A literature search of publications relating to meniscal repairs was undertaken. The databases PubMed, CINAHL, and Ovid were searched. The search terms “Meniscus OR Meniscal”, “Tear”, “Treatment OR Repair OR Surgery”, “Knee”, “Options” and “Outcome” were used. This search yielded 453 publications. Additional articles were obtained from bibliographic screening. After the search, articles that were not relevant to meniscal tears of the knee and treatment options were excluded. In the final analysis, 37 articles were included in the current review.


The traditional approach to meniscal tears, until the 1970s, was total meniscectomy [11]. However, this approach has been largely abandoned due to the emergent relationship between even partial meniscectomy and the early onset and development of osteoarthritis (OA) [7,12-15]. Meniscectomies have been shown to cause joint-space narrowing, lowering the rate of regeneration, leading to an increase in the degenerative changes in the surrounding cartilage, and hence a higher incidence of OA [16-20]. In a normal knee, the menisci transmit 50% of joint-compressive forces in full extension and 85% of the load at 90° of flexion [21]. However, following a total meniscectomy, the tibiofemoral contact area is reduced by approximately 75%, while contact forces increase by 235% [1,2]. Today, repair and preservation of the menisci is the universally-accepted approach to meniscal tears.

Untreated meniscal damage is a potent risk factor for the development of OA [22]. When meniscal repair is not possible, partial meniscal resection is preferred to total meniscectomy, and is associated with less radiographic OA over time [22,23]. A systematic review of clinical outcomes found lateral meniscectomy to be associated with significantly greater frequency of radiographic OA, reduced knee function and future instability than medial meniscectomy [24]. The lateral meniscus has been reported to carry a higher load in the knee compared with the medial meniscus, and its loss may result in increased cartilage contact stress [22]. Furthermore, degenerative meniscal tear and cartilage changes at the time of surgery were associated with radiographic OA more frequently than were longitudinal tear and absence of cartilage changes, respectively [22].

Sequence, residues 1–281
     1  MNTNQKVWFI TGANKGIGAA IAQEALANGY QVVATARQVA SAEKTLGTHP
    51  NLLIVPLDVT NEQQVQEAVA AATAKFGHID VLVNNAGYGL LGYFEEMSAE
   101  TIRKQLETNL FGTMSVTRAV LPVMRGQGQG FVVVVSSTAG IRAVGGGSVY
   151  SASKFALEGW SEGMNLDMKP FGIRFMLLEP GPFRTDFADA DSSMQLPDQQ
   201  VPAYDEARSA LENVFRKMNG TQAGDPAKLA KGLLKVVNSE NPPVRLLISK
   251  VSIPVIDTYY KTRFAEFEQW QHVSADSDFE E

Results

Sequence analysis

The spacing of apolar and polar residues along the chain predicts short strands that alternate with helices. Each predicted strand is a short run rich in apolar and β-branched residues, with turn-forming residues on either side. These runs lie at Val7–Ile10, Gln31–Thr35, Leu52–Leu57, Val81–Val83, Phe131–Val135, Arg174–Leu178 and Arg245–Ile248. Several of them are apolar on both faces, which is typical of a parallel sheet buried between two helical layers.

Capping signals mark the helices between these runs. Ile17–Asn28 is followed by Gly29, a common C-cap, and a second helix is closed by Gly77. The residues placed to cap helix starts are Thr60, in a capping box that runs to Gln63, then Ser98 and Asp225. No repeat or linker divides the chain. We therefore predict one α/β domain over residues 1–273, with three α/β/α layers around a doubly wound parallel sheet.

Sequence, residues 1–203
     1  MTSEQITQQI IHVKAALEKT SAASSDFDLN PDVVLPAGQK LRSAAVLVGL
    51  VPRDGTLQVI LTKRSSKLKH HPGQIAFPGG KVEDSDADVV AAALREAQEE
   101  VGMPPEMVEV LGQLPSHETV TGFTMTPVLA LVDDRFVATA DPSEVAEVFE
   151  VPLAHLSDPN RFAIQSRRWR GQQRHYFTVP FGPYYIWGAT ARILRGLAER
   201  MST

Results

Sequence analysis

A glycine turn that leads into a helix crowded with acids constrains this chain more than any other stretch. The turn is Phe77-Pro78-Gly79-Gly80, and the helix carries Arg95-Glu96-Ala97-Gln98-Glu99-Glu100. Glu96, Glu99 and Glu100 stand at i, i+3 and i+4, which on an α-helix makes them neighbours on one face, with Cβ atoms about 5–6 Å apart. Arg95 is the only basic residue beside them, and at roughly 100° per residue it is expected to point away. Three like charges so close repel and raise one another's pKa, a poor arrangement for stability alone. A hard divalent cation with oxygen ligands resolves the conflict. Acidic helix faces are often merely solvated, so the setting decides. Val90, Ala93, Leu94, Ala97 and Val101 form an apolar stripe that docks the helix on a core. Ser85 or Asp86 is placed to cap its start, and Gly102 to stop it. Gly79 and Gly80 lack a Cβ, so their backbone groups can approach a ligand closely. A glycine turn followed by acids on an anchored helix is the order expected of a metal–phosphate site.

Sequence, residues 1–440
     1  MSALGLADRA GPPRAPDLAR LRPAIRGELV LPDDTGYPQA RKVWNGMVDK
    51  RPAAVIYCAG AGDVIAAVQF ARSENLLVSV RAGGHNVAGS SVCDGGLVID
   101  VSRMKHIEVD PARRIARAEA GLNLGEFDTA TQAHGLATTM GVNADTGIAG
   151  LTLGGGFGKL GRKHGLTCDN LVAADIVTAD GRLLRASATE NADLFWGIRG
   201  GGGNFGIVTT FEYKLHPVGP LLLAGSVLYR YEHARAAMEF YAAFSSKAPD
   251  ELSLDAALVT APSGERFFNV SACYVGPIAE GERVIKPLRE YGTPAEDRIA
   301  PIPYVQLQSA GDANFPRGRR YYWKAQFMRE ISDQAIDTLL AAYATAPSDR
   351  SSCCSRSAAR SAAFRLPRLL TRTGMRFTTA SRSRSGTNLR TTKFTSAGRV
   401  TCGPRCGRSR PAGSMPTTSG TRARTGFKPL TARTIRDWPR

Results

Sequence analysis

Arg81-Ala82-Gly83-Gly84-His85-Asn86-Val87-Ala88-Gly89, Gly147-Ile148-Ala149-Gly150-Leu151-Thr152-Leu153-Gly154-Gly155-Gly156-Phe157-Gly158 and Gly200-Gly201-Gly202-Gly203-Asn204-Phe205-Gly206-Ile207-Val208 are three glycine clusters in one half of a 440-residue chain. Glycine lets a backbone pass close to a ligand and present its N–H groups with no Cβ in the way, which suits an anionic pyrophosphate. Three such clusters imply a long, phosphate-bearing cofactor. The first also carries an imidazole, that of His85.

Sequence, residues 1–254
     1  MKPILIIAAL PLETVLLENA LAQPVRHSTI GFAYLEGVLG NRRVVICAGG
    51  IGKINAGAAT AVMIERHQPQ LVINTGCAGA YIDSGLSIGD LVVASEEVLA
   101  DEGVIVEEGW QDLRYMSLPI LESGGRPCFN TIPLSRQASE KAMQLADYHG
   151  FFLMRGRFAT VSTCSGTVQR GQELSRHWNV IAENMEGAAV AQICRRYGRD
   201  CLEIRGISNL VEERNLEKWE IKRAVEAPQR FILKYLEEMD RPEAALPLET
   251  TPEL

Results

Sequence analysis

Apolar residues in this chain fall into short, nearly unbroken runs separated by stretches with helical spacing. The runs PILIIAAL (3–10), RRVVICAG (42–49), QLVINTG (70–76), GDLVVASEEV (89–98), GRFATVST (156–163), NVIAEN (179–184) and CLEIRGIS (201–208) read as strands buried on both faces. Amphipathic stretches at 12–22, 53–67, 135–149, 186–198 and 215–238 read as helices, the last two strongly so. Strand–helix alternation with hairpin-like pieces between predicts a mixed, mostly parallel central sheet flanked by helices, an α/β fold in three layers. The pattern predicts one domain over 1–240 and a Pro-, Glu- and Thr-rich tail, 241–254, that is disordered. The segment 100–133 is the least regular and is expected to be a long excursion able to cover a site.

Current treatment methods

Meniscus surgery procedures have rapidly developed from open procedures to arthroscopic surgery over the past two decades [25]. Reparability of the meniscus depends on several factors, such as vascularity, type of tear, chronicity, and size [15,26]. Complete meniscectomy is indicated only if the meniscus is torn beyond repair, however, preservation of the meniscal rim is always a priority [15,26,27].

The indications for meniscus repair include: active patients with tibiofemoral joint line pain, patients younger than 50, or patients between 50 and 60 who are athletically active. Repair may also be undertaken with concurrent knee-ligament reconstruction, a reducible meniscus tear, and good tissue integrity [28].

Tears in the peripheral one-third region (zone 1, also known as the red-red zone due to its high vascularity; Figure 5) are well suited for repair, and these have high success rates. Tears in the middle-third region (zone 2, also known as the red-white zone) are often reparable with reasonable success rates. Longitudinal, radial, and horizontal tears confined to zones 1 and 2 are patterns that are usually amenable to repair [28-30]. The vascularity of the menisci is important, as it is critical to the success of a healing response. Meniscal vascularity has been described by Arnoczky and Warren [31]. The degree of vascular penetration was found to be 10-30% of the width of the medial meniscus, and 10-25% of the width of the lateral meniscus. Therefore, tears in the vascular zone have the highest chance of healing. Cannon and Vittori [32] reported a decline in healing rates as tear location moved from peripheral to central: 90% for tears within 2 mm of the periphery, 74% for tears within 3 mm of the periphery and 50% for tears within 4-5 mm of the periphery. The length of the tear has also been suggested to affect repair outcome. Cannon and Vittori [32] reported 90% and 50% healing rates for tears less than 2 cm and greater than 4 cm, respectively. Bach et al. [33] documented significantly earlier failure in larger tears. However, other data has been unable to demonstrate a significant difference in repair outcomes based on tear length [33].


Figure 5: Types of meniscal tears. Source: Hope Orthopaedics

The identification of meniscal tears suitable for repair is usually made at the time of arthroscopy. The three general meniscal repair techniques are as follows:

  • Inside-out repair technique: This technique uses sutures placed in the menisci from within the joint cavity and tied over the capsule through a limited open approach. This technique is the gold standard with which other repair techniques are compared [34,35]. However, comparable results are reported with other techniques that are less technically demanding [35].